I ended up maturing into a remarkably egotistical person. My Zen practice and meditative practice have regularly given me no choice but to confront my ego. As a result, I’ve learned a lot about what the ‘ego’ really means, and who I am aside from my ego.
In my head, I have an image of the ego as a small child behind a curtain. The child has a man’s voice, and is yelling things at me from the other side of the curtain. It’s yelling about careerism. It’s yelling about personal finance. It’s yelling about sex. It’s yelling about exercise. It’s yelling in a way that’s intimidating, and it’s convincing and alluring enough that one would never think to pull the curtain aside and investigate. The ego sounds like it could kick your ass. But it’s really just a version of yourself as a little boy or girl, shouting at the world until it gets whatever fleeting satisfaction it wants.
The ego yells at you about important things, but for the wrong reasons. It tells you to put profit above all else. It tells you to blow that profit on pointless distractions and shiny objects. It tells you to seduce anyone you can. It tells you to exercise not because it keeps your mind and body in tune, but because it’ll give you a six pack. The ego focuses on both appearances and hard rationality. It’s cold, and in its extremes almost sociopathic. It can lead you down really destructive paths if you’re not careful.
The ego leads us down the tunnel of deep attachment. We cling and cling to these ephemeralities that give the ego satisfaction, but these things don’t provide us with any lasting joy or meaning. The ego makes people forego meaningful relationships in exchange for playing the field. It makes people do inhuman things in their careers just to make a buck. It causes residual pain that sometimes takes years to manifest. The ego leads to most of our bad karma, seeing as karma is merely cause-and-effect. It leads you subtly towards potentially toxic life situations.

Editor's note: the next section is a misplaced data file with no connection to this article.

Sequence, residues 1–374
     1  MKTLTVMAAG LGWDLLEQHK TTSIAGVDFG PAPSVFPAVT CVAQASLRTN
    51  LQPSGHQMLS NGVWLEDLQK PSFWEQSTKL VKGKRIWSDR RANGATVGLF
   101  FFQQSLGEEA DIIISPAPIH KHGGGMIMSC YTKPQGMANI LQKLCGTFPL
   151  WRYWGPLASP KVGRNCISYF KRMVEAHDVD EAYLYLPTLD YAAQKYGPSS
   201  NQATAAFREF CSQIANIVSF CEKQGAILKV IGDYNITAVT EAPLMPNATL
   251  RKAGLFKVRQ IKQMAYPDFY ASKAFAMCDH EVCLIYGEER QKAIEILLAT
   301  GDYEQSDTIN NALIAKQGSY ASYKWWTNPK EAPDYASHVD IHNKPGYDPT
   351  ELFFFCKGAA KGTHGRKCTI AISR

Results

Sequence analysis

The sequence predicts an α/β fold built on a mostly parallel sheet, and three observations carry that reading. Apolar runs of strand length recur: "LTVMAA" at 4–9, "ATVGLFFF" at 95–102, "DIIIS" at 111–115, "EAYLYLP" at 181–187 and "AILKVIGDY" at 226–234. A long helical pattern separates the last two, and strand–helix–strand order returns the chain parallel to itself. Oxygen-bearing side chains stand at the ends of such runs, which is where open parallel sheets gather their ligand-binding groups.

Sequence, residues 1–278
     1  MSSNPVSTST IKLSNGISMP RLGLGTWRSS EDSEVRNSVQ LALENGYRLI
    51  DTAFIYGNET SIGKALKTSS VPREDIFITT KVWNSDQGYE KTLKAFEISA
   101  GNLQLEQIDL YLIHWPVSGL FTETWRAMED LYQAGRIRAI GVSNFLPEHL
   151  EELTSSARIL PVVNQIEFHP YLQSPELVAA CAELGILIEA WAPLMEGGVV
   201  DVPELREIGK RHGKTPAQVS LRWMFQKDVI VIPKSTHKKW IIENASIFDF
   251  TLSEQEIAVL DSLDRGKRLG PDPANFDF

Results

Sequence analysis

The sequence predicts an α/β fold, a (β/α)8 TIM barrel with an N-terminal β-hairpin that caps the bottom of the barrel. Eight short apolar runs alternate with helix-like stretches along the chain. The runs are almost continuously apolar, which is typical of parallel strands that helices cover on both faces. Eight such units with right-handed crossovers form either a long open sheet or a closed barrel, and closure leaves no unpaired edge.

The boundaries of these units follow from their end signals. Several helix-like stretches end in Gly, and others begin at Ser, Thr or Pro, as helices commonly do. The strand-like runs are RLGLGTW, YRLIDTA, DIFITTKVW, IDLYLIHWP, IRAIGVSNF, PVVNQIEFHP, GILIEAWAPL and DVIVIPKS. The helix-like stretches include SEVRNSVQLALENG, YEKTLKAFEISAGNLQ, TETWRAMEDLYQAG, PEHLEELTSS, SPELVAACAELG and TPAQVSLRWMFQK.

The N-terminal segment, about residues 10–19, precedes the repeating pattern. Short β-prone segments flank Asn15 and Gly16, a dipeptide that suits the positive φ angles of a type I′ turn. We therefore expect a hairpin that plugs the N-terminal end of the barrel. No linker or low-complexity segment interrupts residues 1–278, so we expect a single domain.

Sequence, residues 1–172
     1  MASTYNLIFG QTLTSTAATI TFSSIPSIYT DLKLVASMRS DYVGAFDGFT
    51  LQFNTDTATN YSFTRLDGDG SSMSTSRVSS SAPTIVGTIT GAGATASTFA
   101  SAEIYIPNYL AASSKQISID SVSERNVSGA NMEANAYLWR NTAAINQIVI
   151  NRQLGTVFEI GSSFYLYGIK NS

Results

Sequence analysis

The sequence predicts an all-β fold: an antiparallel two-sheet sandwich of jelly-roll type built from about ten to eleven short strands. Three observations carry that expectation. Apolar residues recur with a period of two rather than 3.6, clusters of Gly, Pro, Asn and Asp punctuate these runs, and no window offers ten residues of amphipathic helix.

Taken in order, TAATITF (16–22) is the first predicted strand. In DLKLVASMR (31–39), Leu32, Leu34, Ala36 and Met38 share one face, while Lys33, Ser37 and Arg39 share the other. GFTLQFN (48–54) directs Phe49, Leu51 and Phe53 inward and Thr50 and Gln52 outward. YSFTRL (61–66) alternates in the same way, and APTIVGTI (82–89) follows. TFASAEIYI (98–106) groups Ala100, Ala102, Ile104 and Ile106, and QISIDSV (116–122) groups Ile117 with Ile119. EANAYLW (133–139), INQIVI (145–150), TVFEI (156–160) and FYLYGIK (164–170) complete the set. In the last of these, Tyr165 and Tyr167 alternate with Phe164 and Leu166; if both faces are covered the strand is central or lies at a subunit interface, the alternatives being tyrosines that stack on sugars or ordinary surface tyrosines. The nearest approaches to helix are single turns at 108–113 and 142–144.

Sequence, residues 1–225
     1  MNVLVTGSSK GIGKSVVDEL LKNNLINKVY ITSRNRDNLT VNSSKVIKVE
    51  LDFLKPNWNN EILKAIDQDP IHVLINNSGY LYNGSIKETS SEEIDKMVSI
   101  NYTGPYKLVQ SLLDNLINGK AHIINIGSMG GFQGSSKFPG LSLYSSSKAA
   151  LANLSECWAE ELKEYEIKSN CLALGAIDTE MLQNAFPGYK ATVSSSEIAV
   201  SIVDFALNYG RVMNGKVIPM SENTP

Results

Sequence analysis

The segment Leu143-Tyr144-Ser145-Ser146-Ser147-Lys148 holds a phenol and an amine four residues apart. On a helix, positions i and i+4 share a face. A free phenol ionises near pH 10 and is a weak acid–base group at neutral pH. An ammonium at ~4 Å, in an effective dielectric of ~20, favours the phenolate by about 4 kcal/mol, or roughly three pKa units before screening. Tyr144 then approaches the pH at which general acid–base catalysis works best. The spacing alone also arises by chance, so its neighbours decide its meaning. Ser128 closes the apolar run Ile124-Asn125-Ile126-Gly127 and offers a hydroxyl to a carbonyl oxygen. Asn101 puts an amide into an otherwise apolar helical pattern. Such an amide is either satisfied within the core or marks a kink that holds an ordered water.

Some people meditate intensely for X amount of time and report back on experiencing ego death. Ego death is simply the process of pulling away the curtain, recognizing the ego for what it is, and moving past it. For some people, the ego is so strong that once it disappears, an entirely new world is visible. This revolutionizes their consciousness and lets them see things through a new lens. For others, the draw of ego is less severe; meditative transcendence allows them to see past the subtle egotistical desires that end up causing anxiety, depression, and overexcitement.
Meditation is saying “no” to the ego. The ego has no interest in sitting and counting its breaths, reflecting upon itself. It’d rather be out looking in the mirror, getting wasted, or plotting new ways to decimate the competition. Sitting in silence for a few minutes a day is a conscious rebellion against the ego. Over time, the ego learns its place. It comes out occasionally, but it mostly remains behind the curtain— silently.